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Distorted ‘demon face’ images show how people with rare neurological disorder see others

 (Dartmouth College)
(Dartmouth College)

Computer-generated images give an idea of what a person living with “demon face” syndrome might see when they look at someone.

Prosopometamorphopsia (PMO)  is an extremely rare visual disorder that alters the sufferer’s perception of faces.

A 58-year-old man with a 31-month history of seeing people’s faces distorted and, in his words, appearing “demonic” visited a university laboratory for an assessment.

After assessments, the researchers concluded that he had PMO.

The patient, who had a history of bipolar and post-traumatic stress disorder, said the distortions presented as severely stretched features of the face, with deep grooves on the forehead, cheeks, and chin.

But he reported no distortions when looking at objects such as houses or cars.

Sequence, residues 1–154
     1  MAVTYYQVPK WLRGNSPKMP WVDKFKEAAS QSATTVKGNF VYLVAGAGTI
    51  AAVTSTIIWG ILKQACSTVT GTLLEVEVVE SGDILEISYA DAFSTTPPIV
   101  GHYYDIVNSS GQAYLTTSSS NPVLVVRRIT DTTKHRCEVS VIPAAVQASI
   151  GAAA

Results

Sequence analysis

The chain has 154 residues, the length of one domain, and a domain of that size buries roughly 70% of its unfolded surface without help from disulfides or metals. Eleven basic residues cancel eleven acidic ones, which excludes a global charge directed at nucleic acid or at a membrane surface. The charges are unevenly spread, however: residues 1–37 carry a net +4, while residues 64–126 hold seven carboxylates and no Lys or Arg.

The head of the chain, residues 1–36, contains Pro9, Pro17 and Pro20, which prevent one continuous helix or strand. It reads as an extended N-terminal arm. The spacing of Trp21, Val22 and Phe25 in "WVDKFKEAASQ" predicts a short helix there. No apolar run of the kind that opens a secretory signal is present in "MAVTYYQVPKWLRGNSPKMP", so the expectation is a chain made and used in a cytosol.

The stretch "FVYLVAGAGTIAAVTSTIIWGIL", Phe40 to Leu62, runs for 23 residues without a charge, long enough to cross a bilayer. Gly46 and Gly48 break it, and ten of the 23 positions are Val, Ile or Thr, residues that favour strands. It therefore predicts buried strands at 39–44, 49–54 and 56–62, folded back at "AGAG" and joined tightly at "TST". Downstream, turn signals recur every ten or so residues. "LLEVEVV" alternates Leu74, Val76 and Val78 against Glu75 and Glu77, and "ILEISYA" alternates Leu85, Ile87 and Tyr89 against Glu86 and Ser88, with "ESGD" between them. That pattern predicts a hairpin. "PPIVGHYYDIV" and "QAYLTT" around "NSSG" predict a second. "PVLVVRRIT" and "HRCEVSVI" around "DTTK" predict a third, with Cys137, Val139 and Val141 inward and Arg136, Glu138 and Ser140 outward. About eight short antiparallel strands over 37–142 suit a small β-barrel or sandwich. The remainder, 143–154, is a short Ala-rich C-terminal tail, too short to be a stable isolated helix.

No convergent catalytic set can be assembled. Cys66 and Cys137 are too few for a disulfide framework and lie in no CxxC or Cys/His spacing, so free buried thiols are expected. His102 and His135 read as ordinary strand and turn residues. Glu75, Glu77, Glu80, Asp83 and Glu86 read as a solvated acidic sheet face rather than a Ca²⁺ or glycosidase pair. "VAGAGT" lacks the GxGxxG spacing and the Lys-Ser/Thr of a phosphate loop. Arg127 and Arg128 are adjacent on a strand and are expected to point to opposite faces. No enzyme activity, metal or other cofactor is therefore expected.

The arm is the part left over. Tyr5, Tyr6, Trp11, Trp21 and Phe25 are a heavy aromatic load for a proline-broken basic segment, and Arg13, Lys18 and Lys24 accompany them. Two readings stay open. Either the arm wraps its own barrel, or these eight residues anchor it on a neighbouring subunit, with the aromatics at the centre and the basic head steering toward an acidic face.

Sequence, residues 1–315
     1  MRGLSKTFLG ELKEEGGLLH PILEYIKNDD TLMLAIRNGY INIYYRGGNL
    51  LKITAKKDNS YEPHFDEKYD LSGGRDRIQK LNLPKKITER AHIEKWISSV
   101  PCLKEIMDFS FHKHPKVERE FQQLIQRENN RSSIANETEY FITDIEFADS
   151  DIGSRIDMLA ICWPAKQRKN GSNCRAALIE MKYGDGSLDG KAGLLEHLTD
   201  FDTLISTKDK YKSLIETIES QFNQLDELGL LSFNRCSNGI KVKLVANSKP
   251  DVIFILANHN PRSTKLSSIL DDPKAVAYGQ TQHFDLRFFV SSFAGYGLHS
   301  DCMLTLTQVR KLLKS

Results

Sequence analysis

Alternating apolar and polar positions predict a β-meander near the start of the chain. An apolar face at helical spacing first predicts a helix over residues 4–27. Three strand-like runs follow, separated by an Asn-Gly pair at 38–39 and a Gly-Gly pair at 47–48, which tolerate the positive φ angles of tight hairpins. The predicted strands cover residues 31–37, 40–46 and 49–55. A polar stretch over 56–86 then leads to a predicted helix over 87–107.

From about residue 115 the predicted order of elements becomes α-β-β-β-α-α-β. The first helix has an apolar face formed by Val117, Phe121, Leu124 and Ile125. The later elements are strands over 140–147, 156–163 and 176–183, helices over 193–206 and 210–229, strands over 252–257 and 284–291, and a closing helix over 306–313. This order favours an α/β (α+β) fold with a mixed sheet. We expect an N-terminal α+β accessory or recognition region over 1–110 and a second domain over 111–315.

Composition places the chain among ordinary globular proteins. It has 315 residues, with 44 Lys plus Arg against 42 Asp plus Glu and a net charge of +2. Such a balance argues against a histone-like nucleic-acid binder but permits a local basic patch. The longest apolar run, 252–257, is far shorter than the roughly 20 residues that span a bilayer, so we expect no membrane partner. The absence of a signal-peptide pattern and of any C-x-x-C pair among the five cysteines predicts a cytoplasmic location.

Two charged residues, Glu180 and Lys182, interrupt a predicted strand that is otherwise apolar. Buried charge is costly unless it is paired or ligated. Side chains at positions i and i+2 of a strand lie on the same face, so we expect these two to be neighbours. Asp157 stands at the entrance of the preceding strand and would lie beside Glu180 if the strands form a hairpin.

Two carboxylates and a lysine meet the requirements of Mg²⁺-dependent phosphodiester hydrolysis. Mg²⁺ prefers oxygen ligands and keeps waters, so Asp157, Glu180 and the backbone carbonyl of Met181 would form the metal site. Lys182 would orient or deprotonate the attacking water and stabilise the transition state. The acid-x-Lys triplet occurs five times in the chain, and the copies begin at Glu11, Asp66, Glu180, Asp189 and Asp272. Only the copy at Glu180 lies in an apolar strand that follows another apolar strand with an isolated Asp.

Although the faces were distorted he was still able to recognise who they were, he told researchers at the Department of Psychological and Brain Sciences, Dartmouth College, Hanover, New Hampshire, USA.

A 58-year-old man with a 31-month history of seeing people’s faces distorted and, in his words appearing “demonic” visited a university laboratory for an assessment (Dartmouth College)
A 58-year-old man with a 31-month history of seeing people’s faces distorted and, in his words appearing “demonic” visited a university laboratory for an assessment (Dartmouth College)

“Notably,” the researchers said, “he reported no distortions when viewing facial images on a screen or on paper.”

The distortions were not accompanied by delusional beliefs about the identities of the people he encountered—such as his family or friends.

The patient had a significant head injury at the age of 43 years that led to hospitalisation.

He also had possible carbon monoxide poisoning at the age of 55 years, which occurred four months before the onset of his distortion symptoms.

He was not prescribed any medications and said he did not use any illicit substances.

Using feedback from the patient and photo editing software, the researchers then created rough images of what he saw when he looked at human faces.

“We hope this has a big impact in the way people think about PMO, especially for them to be able to understand how severe PMO can be,” Antonio Vitor Reis Goncalves Mello, one of the study’s authors, said.

The study was published The Lancet journal on 23 March.